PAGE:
Photo: Leon Neal / Getty Images

At the end of a week that saw the major players in Brexit set out their positions for the process, British Prime Minister Theresa May outlined her economic vision for the U.K.'s departure from the European Union in a widely-anticipated speech Friday, telling the EU that "we have a shared interest in getting this right, so let’s get on with it."

What happened: May presented the softest version of a hard Brexit plan that removes the U.K. from the EU's single market and customs unions but still maintains important economic and regulatory links to the EU via a landmark trade deal — all in an attempt to assuage the dueling wings of her party's vision of Brexit.

Key quote: May was addressing her own Conservative Party as much as the EU when she said, "This is a negotiation and neither of us can have exactly what we want."

Her message: May blasted the EU's insistence on an "off the shelf" deal for the U.K., insisting that the U.K.'s unique status demands a bespoke trade arrangement. She brushed aside European concerns that her requests amounted to "cherry picking," listing off unique details from some of the the EU's other trade agreements, like with South Korea and Ukraine:

"The fact is that every free trade agreement has varying market access depending on the respective interests of the countries involved. If this is cherry picking, then every trade arrangement is cherry picking."

One big concession: May acknowledged that the U.K. might attempt to negotiate associate membership with some key EU regulators — like in the medicine and aviation industries — so that there would be only one approval process for important goods across Europe. She also floated that this plan would allow U.K.-based experts to provide key technical expertise to the EU.

The problem: EU representatives still assert that May is indeed "cherry picking" which parts of EU membership she does and doesn't want for the U.K., which might signal trouble in the trade negotiations to come, per The Guardian:

  • European Council President Donald Tusk: “From the very start it has been a set principle of the EU27 that there cannot be any cherrypicking of single market à la carte. This will continue to be a key principle, I have no doubt.”
  • Irish Taoiseach Leo Varadkar: “It is not possible for the U.K. to be aligned to the EU when it suits and not when it doesn’t.”
  • Dutch Prime Minister Mark Rutte: "For example, membership of the internal market, that means certain obligations. Membership of the customs union, that means certain obligations."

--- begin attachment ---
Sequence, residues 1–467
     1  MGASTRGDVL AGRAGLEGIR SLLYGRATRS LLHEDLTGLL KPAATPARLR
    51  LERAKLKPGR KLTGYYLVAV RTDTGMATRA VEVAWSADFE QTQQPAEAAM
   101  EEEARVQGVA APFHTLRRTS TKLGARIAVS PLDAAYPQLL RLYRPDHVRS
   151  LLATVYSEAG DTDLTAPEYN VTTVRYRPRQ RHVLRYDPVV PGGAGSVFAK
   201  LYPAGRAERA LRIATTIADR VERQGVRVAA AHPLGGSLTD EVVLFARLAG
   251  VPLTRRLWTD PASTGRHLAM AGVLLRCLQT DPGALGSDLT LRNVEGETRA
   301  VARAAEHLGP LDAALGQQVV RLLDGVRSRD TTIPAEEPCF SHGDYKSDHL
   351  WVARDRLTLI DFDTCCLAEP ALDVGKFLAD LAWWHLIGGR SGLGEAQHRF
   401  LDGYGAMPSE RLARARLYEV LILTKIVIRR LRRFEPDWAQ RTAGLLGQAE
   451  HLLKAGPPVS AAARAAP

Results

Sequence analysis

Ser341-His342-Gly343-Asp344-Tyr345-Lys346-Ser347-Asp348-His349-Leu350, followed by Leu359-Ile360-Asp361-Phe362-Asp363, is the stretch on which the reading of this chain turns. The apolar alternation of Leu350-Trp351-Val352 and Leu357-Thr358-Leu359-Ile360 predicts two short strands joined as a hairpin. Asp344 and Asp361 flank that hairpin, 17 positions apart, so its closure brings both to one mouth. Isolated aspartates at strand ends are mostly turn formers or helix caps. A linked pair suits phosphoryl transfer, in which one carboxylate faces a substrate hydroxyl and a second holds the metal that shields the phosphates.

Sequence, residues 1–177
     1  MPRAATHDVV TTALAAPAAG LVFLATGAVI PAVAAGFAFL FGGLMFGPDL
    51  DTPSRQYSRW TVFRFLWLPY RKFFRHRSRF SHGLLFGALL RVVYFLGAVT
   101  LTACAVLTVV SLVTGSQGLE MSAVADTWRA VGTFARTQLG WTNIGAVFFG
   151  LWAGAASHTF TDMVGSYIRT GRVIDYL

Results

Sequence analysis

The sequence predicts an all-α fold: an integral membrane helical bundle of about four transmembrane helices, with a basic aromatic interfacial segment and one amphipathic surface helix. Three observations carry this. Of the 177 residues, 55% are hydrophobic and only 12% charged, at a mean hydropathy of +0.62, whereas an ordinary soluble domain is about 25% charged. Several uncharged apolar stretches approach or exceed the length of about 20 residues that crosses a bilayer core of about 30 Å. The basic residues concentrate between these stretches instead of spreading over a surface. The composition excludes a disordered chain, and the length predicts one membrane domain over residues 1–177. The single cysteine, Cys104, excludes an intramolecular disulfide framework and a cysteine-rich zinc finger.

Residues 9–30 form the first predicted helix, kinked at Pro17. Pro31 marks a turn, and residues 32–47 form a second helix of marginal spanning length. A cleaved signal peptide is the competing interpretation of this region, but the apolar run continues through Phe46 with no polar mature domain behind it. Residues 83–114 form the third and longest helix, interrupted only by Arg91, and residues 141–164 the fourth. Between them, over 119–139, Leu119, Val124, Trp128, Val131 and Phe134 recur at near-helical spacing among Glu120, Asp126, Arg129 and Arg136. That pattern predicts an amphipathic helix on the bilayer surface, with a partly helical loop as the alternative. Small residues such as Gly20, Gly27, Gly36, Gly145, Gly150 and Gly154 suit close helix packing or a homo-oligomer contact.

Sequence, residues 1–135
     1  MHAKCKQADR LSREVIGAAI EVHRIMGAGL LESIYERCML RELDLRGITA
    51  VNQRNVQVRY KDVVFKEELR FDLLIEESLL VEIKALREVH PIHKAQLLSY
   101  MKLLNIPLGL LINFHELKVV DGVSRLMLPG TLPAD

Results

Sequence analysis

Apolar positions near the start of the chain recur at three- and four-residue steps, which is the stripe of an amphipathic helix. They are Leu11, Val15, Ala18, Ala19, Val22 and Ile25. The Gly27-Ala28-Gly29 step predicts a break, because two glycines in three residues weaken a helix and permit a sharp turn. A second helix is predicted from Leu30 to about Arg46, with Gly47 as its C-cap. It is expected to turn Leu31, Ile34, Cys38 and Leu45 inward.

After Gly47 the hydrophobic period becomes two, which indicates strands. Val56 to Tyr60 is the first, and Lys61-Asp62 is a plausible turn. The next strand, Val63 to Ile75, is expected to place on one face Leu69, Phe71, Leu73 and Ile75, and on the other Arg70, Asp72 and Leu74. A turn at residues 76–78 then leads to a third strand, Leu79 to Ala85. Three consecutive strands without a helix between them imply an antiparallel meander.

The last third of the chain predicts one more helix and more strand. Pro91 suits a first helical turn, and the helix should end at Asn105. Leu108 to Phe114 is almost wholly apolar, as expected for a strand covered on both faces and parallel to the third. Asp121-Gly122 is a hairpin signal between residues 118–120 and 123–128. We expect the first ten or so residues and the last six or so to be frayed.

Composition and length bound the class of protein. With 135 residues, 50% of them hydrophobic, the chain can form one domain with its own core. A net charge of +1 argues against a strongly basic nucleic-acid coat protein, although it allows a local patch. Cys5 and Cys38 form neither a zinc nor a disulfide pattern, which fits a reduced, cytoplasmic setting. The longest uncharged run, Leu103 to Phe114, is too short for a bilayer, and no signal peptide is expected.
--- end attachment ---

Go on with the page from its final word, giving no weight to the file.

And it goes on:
May's five foundations for any trade deal with the EU:

  1. Reciprocal binding commitments
  2. An independent arbitration mechanism
  3. Open, ongoing dialogue with the EU and the ability to consult on regulatory issues
  4. Strong arrangements for data protection
  5. The maintenance of links between people in the U.K. and the EU

A hot tweet among British political journalists:

Go deeper

Updated 1 hour ago - Politics & Policy

Coronavirus dashboard

Illustration: Sarah Grillo/Axios

  1. Global: Total confirmed cases as of 10 p.m. ET: 32,471,119 — Total deaths: 987,593 — Total recoveries: 22,374,557Map.
  2. U.S.: Total confirmed cases as of 10 p.m. ET: 7,032,524 — Total deaths: 203,657 — Total recoveries: 2,727,335 — Total tests: 99,483,712Map.
  3. States: "We’re not closing anything going forward": Florida fully lifts COVID restaurant restrictions — Virginia Gov. Ralph Northam tests positive for coronavirus.
  4. Health: Young people accounted for 20% of cases this summer.
  5. Business: Coronavirus has made airports happier places The expiration of Pandemic Unemployment Assistance looms.
  6. Education: Where bringing students back to school is most risky.
Mike Allen, author of AM
4 hours ago - Politics & Policy

Biden pushes unity message in new TV wave

A fresh Joe Biden ad, "New Start," signals an effort by his campaign to make unity a central theme, underscoring a new passage in his stump speech that says he won't be a president just for Democrats but for all Americans.

What he's saying: The ad — which began Friday night, and is a follow-up to "Fresh Start" — draws from a Biden speech earlier in the week in Manitowoc, Wisconsin:

Trump prepares to announce Amy Coney Barrett as Supreme Court replacement

Judge Amy Coney Barrett. Photo: Matt Cashore/Notre Dame University via Reuters

President Trump is preparing to nominate federal appeals court Judge Amy Coney Barrett of Indiana, a favorite of both the social conservative base and Republican elected officials, to succeed Justice Ruth Bader Ginsburg, Republican sources tell Axios.

Why it matters: Barrett would push the already conservative court further and harder to the right, for decades to come, on the most important issues in American politics — from abortion to the limits of presidential power. If confirmed, she would give conservatives a 6-3 majority on the high court.